advice you can use — short and to the point — every Tuesday, Wednesday & Thursday

Wednesday, September 14th, 2011 technology  research  practice

A Research Tip

  • Research & Writing

I believe that creativity is a skill that can be developed. I have to believe it because I am still working on colouring inside the lines. To enhance your legal research work product, sometimes you need to think outside the lines.

For example, think about unconventional places where information can be found. I am not talking about a Google search.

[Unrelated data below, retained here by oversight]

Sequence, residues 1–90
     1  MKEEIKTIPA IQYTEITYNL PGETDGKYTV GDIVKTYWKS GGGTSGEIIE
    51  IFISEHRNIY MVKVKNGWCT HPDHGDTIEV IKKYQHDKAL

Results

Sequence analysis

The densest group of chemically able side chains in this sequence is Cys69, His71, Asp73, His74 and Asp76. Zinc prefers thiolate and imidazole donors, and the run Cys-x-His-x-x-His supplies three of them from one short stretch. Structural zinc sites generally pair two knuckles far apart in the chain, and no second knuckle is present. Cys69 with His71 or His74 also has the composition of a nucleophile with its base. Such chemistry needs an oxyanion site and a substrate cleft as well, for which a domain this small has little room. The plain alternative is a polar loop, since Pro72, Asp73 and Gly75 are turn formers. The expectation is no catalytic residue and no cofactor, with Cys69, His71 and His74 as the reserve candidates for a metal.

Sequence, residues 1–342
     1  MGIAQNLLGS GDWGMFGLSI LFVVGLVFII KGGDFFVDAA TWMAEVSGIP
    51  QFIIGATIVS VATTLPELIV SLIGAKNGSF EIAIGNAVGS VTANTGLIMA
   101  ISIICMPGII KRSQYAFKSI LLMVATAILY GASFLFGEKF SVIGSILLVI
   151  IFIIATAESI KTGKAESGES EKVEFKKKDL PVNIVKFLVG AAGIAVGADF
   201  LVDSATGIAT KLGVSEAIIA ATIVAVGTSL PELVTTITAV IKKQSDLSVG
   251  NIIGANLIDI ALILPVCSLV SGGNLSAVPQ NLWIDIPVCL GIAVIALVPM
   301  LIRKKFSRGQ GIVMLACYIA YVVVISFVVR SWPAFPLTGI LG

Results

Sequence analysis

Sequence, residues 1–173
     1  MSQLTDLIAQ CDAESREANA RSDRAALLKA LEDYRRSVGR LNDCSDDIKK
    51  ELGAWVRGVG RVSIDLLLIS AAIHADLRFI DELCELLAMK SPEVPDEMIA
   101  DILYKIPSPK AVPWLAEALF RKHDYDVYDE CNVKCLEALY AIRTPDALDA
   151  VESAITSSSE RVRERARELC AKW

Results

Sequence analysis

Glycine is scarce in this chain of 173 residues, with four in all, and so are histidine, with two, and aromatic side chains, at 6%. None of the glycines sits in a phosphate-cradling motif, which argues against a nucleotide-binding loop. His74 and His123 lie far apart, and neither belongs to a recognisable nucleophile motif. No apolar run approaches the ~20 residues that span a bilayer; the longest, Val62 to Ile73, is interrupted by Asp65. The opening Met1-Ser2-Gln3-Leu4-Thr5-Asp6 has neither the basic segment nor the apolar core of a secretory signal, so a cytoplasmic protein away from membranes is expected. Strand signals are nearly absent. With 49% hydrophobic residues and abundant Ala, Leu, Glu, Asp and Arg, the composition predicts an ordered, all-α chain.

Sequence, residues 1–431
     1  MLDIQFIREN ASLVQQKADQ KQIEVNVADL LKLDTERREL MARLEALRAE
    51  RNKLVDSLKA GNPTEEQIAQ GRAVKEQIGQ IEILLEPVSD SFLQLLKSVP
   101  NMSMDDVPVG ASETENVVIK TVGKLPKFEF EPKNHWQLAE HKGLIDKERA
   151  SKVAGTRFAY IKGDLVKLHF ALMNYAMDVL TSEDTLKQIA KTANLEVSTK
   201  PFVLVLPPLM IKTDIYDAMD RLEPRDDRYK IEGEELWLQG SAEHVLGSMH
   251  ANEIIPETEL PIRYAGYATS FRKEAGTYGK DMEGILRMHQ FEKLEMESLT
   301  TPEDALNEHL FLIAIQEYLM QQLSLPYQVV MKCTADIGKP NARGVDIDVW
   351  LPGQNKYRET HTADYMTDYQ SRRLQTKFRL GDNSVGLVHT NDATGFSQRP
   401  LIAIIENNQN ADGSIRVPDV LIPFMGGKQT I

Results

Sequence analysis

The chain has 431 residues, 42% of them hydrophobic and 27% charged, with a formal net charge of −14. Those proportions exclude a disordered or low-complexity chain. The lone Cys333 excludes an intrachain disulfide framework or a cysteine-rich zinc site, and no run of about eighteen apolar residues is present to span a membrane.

A good example of creative thinking is set out in a case called Sparks v. Dubé, 2011 NBQB 40. Even though precedent suggested that an ex parte order for preservation of information on a Facebook account would be difficult, defense counsel in this case took a creative and slightly different angle in their argument and were grated the order. There is a very nice precedent for what such an order might contain at the end of this decision too.

Hat tip to Karen Sawatzky of Tapper Cuddy in Winnipeg, and columnist at Slaw.ca for sharing the case.

Leave a Reply

Your email address will not be published. Required fields are marked *